Monday said owners of commercial establishments can lobby council members to agree to change the zoning ordinance, if it is desired. Private clubs can also seek a waiver.
In other matters, the council:
*Honored local resident Delia Bowman Martin with a proclamation in celebration of her 100th birthday.
Martin was born March 25, 1921 and is a longtime resident of the Martinsville-Henry County community, previously working for Pannill Knitting Company for many years. She has four surviving children and three stepchildren, nine grandchildren, and sixteen great grandchildren. Martin is a long-time member of Stone Memorial Christian Church.
Members of Martin’s family were present at the meeting to receive the proclamation on her behalf.
Danny Turner and Mayor Kathy Lawson plan to visit Martin.
*Presented a proclamation recognizing the week of April 4–10, 2021 as National Library Week. Betsy Haskins, Marty Gardner and Margaret Caldwell, members of the Blue Ridge Regional Library Board of Trustees attended the meeting to receive recognition during the proclamation.
“We appreciate the relationship with the city,” Haskins said. “It is so powerful, it is so long-standing and having different relationships is what makes us strong. It really touches my heart. This means so much to us and we really appreciate it.”
Caldwell said the library is currently open on an appointment-basis and curbside delivery is available.
*Read a proclamation recognizing the week of March 28–April 3, 2021, as National Boys & Girls Club Week. Joanie Petty, chief executive director of the Boys & Girls Club of the Blue Ridge, attended the meeting to accept the proclamation.
Nine different local schools have participants in the club that is primarily run by volunteers.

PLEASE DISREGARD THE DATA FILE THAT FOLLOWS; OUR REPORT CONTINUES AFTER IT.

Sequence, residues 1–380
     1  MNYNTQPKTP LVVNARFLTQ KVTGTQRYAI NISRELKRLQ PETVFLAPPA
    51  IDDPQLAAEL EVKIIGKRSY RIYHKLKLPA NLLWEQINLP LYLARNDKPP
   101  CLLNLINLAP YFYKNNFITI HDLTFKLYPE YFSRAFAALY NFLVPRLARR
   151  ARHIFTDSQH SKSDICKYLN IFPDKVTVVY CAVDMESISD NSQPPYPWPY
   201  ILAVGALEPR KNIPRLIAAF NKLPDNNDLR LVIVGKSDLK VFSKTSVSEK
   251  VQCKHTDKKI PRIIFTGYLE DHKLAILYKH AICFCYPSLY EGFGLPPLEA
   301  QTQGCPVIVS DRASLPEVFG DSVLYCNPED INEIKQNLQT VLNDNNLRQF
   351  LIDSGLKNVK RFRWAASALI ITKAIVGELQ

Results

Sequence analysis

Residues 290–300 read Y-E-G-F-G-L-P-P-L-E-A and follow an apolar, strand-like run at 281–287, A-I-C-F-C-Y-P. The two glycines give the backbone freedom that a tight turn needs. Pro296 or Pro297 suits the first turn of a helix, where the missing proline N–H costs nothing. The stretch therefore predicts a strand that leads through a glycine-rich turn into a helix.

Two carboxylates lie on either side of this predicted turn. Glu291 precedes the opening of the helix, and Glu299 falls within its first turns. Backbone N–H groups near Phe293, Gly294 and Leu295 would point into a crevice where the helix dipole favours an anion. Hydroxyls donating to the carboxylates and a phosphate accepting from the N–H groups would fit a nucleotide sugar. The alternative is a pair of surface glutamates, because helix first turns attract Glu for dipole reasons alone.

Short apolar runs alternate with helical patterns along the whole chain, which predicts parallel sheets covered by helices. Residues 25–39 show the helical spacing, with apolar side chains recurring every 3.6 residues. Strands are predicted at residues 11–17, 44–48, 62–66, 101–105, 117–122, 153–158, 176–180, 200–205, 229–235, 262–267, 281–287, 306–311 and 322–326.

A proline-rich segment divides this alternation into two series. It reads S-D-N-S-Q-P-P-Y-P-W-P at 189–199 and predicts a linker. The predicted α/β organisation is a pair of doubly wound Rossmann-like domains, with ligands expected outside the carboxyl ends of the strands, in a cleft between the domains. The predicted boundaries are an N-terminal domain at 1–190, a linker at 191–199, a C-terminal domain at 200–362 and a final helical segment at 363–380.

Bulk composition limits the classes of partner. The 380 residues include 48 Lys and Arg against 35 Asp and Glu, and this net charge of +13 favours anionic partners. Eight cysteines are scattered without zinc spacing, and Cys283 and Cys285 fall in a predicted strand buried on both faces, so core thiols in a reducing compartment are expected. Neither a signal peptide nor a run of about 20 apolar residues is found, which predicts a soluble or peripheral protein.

Petty said the Boys & Girls Club of the Blue Ridge was one of two clubs in the state to open since August 2020 during the pandemic. It was also one of 24 clubs to open nationwide.
She added that the club received a $100,000 donation designated for a rural club.
*Heard from City Manager Leon Towarnicki about changes to publication of meetings streamed via MGTV. Previously, the city council meetings could be found on the city website, which is linked to its Youtube account. Towarnicki said “for whatever reason” the platform dropped the city’s account. To address the matter, Towarnicki said videos have since been moved to a new format called Vimeo. Only videos from 2018 will be available due to lost footage.
Additionally, a switcher for MGTV has become faulty, according to Towarnicki. The function allows the city to feed council meetings into the MGTV stream throughout the day. Without the switcher, Towarnicki said meetings will be streamed live with replays available on the city website.
*Set the next reversion work session for Wed., April 14 from 5:30-7:30 p.m. The next budget presentation has been moved until May 11 with a first reading scheduled for May 25. A second reading and approval will be held June 8. City council will hold a joint session with the school board on May 18. Three additional work sessions will be held between May 12-20.